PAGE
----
NPS Offers Free Passes To Military
To show their appreciation for those who serve in the U.S. Military, the National Park Service is issuing an annual pass offering free entrance to all 397 national parks for active duty military members and their dependents.
“Military history is a cornerstone of Gateway,” said Superintendent Linda Canzanelli. “Military families — not just active personnel, but their families as well — inspire us with their service. It is an honor for us in the National Park Service to serve them in return.”
Several areas of the National Park formerly served the nation as military bases: Fort Hancock at Sandy Hook, Floyd Bennett Field in Brooklyn, Fort Tilden in Queens and Fort Wadsworth on Staten Island.
Even today, U.S. Coast Guard personnel serve on the Sandy Hook peninsula and at Fort Wadsworth. Visit www.nps.gov/find-apark/passes.htm for more information about the military pass. The pass is available at any national park that charges an entrance fee. The closest park to pick up a pass is Theodore Roosevelt Birthplace National Historic Site in Manhattan. Visitors should call the park at 212-260- 1616 to make sure passes are available. (Gateway does not charge an entrance fee, but will honor the pass at areas where parking fees are charged, including Jacob Riis Park in Queens and Sandy Hook in Highlands, N.J.) Find a list of national parks with entrance fees at http://www.nps.gov/findapark/feefreeparksbystate.htm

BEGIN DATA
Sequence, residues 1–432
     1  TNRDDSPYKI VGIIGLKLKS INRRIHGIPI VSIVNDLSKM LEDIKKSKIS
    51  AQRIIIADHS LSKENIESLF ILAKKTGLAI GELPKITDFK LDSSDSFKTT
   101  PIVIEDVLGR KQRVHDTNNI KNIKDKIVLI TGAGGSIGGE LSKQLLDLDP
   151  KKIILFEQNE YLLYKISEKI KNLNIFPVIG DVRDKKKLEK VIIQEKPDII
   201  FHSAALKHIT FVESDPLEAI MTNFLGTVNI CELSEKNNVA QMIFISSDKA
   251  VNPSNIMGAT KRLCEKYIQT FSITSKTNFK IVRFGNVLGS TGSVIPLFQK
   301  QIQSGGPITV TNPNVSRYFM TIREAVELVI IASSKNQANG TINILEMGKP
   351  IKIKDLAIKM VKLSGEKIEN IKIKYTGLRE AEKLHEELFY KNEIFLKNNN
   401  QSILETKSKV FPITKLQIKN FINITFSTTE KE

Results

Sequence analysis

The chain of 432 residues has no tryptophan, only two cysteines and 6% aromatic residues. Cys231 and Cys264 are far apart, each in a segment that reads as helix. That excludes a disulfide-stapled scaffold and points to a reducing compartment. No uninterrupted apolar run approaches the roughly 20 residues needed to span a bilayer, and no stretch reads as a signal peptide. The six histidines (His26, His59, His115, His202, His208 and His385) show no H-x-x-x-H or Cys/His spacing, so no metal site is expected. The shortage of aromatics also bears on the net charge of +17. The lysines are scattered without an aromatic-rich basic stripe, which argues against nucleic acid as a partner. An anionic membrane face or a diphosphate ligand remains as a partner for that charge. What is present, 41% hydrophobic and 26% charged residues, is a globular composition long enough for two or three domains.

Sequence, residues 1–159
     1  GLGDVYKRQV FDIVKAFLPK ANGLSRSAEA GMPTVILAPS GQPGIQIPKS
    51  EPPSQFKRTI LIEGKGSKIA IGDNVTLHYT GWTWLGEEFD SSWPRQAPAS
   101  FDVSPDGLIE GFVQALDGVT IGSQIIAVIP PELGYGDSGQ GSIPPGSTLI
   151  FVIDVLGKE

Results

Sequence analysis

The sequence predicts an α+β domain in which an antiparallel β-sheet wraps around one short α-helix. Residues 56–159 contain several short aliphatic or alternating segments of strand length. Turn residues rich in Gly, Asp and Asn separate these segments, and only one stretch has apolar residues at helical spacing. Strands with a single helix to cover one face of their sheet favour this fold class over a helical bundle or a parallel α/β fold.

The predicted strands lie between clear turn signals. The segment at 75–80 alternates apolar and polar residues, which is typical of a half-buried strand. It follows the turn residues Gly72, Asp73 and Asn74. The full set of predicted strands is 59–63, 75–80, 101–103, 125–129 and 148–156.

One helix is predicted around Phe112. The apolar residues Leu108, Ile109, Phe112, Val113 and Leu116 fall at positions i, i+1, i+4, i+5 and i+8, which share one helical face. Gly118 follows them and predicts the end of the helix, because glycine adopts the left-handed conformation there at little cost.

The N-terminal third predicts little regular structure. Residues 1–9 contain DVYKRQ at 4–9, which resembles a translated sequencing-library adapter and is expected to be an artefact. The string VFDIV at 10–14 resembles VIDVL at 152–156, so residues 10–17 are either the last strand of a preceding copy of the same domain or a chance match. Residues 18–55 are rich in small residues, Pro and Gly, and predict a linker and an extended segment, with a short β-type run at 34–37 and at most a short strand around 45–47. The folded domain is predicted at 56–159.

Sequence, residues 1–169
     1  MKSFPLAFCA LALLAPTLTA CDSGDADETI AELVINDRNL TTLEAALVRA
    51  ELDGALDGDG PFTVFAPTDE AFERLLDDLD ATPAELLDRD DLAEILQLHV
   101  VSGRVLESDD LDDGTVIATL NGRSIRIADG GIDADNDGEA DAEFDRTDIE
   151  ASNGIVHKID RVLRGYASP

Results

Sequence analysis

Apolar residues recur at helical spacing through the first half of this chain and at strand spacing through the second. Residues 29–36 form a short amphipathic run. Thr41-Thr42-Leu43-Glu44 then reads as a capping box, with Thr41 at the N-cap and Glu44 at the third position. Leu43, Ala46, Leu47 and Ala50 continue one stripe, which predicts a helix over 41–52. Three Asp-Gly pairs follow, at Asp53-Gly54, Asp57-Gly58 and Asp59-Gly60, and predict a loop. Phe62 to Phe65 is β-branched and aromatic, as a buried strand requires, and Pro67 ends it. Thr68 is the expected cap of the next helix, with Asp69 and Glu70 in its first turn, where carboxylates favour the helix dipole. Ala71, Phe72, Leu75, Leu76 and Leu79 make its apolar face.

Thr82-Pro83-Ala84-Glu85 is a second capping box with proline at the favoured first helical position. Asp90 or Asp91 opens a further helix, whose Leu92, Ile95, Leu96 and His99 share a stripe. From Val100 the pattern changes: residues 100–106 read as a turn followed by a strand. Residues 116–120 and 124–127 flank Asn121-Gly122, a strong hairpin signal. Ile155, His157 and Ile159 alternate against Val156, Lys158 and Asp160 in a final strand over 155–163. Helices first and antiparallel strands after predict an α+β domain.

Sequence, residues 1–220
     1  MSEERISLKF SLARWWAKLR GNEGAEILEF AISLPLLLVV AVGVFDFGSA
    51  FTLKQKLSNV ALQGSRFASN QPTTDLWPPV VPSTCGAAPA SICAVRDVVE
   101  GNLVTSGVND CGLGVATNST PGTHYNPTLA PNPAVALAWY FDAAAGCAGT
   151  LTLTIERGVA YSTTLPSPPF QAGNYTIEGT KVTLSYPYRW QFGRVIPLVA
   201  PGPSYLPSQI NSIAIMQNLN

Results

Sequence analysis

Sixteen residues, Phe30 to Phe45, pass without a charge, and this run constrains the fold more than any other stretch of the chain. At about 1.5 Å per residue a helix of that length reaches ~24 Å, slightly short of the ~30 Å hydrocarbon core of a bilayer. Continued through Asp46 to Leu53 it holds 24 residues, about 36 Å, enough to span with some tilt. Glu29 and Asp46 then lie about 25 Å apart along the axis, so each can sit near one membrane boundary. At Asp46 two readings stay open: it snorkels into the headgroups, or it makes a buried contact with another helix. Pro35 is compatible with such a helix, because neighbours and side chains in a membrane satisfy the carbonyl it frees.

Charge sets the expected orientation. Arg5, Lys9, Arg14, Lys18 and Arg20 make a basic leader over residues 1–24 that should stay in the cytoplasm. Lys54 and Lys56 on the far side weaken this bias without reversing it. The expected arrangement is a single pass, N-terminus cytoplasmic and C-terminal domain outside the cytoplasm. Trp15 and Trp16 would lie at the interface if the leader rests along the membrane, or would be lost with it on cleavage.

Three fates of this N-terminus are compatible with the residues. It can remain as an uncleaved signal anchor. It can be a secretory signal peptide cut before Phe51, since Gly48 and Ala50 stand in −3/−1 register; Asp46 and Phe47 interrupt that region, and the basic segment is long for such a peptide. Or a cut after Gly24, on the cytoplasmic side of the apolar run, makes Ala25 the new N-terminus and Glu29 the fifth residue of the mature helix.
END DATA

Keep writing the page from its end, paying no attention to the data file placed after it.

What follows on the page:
This military version of the America the Beautiful National Parks and Federal Recreational Lands Pass also permits free entrance to sites managed by the U.S. Fish & Wildlife Service, the Bureau of Land Management, the Bureau of Reclamation, and the U.S. Forest Service. The pass is also available at these locations.
“Through the years, military members, especially those far from home in times of conflict, have found inspiration in America’s patriotic icons and majestic landscapes, places like the Statue of Liberty and the Grand Canyon that are cared for by the National Park Service and symbolize the nation that their sacrifices protect,” said National Park Service Director Jonathan B. Jarvis. “This new pass is a way to thank military members and their families for their service and their sacrifices.”